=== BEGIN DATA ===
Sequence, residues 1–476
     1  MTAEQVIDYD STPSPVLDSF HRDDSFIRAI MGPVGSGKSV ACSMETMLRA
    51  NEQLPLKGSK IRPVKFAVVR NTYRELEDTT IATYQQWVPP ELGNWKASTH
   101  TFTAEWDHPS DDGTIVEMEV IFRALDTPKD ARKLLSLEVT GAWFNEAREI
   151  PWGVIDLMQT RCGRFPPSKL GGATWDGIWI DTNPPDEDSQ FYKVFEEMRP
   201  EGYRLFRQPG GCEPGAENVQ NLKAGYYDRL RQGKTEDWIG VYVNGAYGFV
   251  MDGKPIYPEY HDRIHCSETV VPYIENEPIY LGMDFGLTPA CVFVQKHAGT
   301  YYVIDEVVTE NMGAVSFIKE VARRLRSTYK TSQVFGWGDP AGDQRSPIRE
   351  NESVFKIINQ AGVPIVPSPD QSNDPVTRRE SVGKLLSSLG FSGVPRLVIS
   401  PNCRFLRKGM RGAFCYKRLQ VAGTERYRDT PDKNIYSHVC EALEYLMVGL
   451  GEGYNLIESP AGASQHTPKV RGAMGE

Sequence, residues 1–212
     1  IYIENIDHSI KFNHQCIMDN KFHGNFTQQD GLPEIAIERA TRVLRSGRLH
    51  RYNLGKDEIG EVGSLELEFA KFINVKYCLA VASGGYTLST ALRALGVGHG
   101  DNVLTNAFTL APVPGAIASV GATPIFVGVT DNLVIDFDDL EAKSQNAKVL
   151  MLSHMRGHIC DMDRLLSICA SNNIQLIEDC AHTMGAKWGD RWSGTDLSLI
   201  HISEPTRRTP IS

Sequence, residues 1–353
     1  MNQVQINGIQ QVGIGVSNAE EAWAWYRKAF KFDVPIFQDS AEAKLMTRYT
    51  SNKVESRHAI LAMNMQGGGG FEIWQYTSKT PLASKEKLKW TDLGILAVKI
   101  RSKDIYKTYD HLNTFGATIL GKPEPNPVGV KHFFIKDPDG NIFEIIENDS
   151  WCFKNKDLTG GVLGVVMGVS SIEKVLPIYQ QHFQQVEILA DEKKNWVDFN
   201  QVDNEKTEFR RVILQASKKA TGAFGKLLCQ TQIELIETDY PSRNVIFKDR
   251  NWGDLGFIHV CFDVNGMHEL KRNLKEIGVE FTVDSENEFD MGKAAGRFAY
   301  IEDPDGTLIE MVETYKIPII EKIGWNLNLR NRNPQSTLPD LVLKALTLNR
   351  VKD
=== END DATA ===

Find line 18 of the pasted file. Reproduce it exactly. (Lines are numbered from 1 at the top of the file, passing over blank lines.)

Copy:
Sequence, residues 1–353